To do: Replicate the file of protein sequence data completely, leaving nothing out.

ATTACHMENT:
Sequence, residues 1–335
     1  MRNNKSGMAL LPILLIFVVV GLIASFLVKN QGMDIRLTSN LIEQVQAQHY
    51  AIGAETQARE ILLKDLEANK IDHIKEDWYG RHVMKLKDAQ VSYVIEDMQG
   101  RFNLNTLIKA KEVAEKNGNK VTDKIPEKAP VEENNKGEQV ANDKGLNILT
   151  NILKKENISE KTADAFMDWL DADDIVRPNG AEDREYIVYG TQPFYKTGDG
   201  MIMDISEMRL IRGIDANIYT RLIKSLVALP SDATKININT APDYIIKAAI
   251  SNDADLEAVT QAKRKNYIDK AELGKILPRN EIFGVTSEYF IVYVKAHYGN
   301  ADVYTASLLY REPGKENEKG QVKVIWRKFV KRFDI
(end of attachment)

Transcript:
Sequence, residues 1–335
     1  MRNNKSGMAL LPILLIFVVV GLIASFLVKN QGMDIRLTSN LIEQVQAQHY
    51  AIGAETQARE ILLKDLEANK IDHIKEDWYG RHVMKLKDAQ VSYVIEDMQG
   101  RFNLNTLIKA KEVAEKNGNK VTDKIPEKAP VEENNKGEQV ANDKGLNILT
   151  NILKKENISE KTADAFMDWL DADDIVRPNG AEDREYIVYG TQPFYKTGDG
   201  MIMDISEMRL IRGIDANIYT RLIKSLVALP SDATKININT APDYIIKAAI
   251  SNDADLEAVT QAKRKNYIDK AELGKILPRN EIFGVTSEYF IVYVKAHYGN
   301  ADVYTASLLY REPGKENEKG QVKVIWRKFV KRFDI